Vertical and angled text in HTML




Pitfalls to avoid

Vertical text is one of the places where there is a big difference between browsers, and where you really have to keep an eye on how the setting work together. What you have to be especially aware of, is that the browsers creates something equivalent to a floating DIV, which is placed a level over the text item where you want the vertical text. Mostly it is a cell content in a table you want vertical, but it could also be something like the text for a picture.

The other thing you have to be aware of, is that the rotation involves a movement in the x-y plane, i.e. up and down and left and right, but not for Internet Explorer before IE 9. In reality, rotation and shift are two different and independent parameters you can adjust, but because the browsers automatically think that if you want your text rotated, you also want it to be moved somewhere else (no, it makes no sense that they made it like this, it is one of those bizarre thing we have to live with, when it comes to programming), the two parameters becomes connected.





How to do it

In principle, you can do the vertical text using STYLE directly on the text element, but, as we shall see, this will result in some messy and unreadable code. In stead we create a class in our style sheet. Here we call it VerticalText. Now, if we start with the rotation alone, we rotate the text 90° counter clockwise, and the class looks like this:

.VerticalText {
-moz-transform: rotate(270deg) translate(0px,0px); /* Firefox 3.5+ */
-o-transform: rotate(270deg) translate(0px,0px); /* Opera 10.5 */
-webkit-transform: rotate(270deg) translate(0px,0px); /* Safari 3.1+, Chrome */
filter: progid:DXImageTransform.Microsoft.BasicImage(rotation=3); /* IE 6,IE 7 */
-ms-filter: progid:DXImageTransform.Microsoft.BasicImage(rotation=3); /* IE 8 */
-ms-transform: rotate(270deg) translate(0px,0px); /* IE 9+ */
}


As seen, with the earlier versions of Internet Explorer, you are limited to rotating 1, 2 or 3 times 90°, whereas for the newer browsers, you can rotate as you like. As you can also see, you need three different codes for covering what would be considered 'the most common versions of IE'.

Because the page treat the text field as a floating DIV, it is recommendable to specify float, so you won't have problems with browsers and different versions of browsers, having different default settings. Based on experience, float:left is a fairly good guess, but you really have to test to see what works.

Likewise it is a good idea to specify position:absolute. Apparently not all browsers use this as default for vertical text.

Last, but not least, specifying the width of the text field is recommended. On the vertical text, the width obviously becomes the height of the text, and because the text is floating in a layer above the ordinary horizontal text, there is nothing to limit the height, other than what is specified by the programmer.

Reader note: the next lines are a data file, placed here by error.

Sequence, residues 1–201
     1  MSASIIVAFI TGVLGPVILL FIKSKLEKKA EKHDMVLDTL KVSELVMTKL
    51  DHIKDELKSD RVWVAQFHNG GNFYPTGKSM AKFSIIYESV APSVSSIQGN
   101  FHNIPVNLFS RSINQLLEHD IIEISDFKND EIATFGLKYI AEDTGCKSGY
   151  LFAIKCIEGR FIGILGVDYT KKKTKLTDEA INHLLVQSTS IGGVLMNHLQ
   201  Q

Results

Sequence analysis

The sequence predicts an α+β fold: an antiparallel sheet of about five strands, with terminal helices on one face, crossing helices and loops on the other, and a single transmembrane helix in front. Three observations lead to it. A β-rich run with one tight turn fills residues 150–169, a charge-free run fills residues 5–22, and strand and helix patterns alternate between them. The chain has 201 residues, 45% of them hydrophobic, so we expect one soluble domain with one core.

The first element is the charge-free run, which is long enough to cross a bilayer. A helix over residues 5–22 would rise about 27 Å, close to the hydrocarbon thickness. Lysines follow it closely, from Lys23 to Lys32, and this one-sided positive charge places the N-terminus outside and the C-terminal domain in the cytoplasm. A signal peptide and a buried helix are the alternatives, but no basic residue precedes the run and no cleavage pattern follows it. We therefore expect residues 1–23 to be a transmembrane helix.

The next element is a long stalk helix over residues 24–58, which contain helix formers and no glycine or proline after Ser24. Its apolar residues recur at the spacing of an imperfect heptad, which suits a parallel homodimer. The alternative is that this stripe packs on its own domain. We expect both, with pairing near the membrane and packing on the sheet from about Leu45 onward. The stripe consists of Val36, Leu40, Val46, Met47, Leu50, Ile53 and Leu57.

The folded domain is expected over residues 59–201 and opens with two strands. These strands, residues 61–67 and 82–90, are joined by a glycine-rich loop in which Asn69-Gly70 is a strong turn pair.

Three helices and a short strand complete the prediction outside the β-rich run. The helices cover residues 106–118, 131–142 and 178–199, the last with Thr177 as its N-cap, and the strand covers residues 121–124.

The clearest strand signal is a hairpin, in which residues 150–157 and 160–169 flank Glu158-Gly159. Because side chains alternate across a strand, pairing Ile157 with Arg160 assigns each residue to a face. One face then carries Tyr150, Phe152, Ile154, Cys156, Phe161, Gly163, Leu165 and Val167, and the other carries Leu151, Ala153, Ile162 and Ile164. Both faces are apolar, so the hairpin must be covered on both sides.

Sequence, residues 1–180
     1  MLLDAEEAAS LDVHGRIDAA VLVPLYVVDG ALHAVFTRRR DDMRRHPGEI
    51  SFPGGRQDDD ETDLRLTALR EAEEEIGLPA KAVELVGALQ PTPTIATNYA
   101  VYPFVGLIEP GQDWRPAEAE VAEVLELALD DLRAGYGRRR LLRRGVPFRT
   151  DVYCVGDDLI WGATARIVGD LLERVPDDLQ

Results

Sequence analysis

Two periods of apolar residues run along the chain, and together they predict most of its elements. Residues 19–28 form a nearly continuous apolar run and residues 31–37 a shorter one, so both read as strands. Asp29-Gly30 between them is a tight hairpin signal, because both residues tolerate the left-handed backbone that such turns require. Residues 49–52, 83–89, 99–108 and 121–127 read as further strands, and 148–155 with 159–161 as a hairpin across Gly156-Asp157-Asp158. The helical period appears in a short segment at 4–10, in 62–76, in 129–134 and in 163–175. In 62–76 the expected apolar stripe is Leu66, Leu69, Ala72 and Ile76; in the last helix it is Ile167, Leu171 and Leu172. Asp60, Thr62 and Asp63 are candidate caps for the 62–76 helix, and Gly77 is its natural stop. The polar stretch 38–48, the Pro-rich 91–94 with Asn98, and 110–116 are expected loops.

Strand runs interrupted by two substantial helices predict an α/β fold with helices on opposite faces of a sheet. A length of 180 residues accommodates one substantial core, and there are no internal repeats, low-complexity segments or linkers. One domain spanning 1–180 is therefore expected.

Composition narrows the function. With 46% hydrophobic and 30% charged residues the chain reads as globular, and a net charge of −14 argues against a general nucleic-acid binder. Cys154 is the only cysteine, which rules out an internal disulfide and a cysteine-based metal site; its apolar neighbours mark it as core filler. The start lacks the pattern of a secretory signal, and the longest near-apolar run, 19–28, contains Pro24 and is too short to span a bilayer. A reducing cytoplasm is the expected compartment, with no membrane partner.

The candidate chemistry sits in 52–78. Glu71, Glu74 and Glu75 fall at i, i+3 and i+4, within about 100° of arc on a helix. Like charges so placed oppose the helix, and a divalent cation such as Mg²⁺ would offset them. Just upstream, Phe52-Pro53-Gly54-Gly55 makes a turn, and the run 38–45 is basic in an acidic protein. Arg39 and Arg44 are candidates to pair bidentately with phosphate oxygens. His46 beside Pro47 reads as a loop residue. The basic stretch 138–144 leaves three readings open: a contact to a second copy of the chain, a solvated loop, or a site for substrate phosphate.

If we decide on a 200px height, our class now looks like this:

.VerticalText {
width:200px;
float: left;
position: absolute;
-moz-transform: rotate(270deg) translate(0px,0px); /* Firefox 3.5+ */
-o-transform: rotate(270deg) translate(0px,0px); /* Opera 10.5 */
-webkit-transform: rotate(270deg) translate(0px,0px); /* Safari 3.1+, Chrome */
filter: progid:DXImageTransform.Microsoft.BasicImage(rotation=3); /* IE 6,IE 7 */
-ms-filter: progid:DXImageTransform.Microsoft.BasicImage(rotation=3); /* IE 8 */
-ms-transform: rotate(270deg) translate(0px,0px); /* IE 9+ */
}


Getting vertical text is now as simple as <DIV CLASS="VerticalText">My vertical text</DIV>

It looks like this:

My vertical text


Making it work is the easy part. Making it look nice is where it becomes time-consuming fine-tuning. Fortunately there is a neat little trick to make it easier:

The first thing to do is marking the area where you want the vertical text. If it's a table, you make sure to specify the height and width of the cells in the TD tag, if it's a DIV or something similar, you also specify height and width. Obviously, they have to be at least as big as the field with the vertical text.

Next thing you do is putting borders on the text area. If it's a table, you put it on all cells, also the ones that are supposed to be invisible, so you can see where all your fields are placed.

You now have sight lines to guide you when moving you fields containing vertical text, and the surrounding text isn't moving around beneath your vertical text. Now you can move the text field in the x-y plane and fine-tune the position, without any hassle from other objects moving around, so they are placed exactly where they are supposed to be according to the sight lines (for all browsers). When this is done, you remove the borders that are only used as sight lines.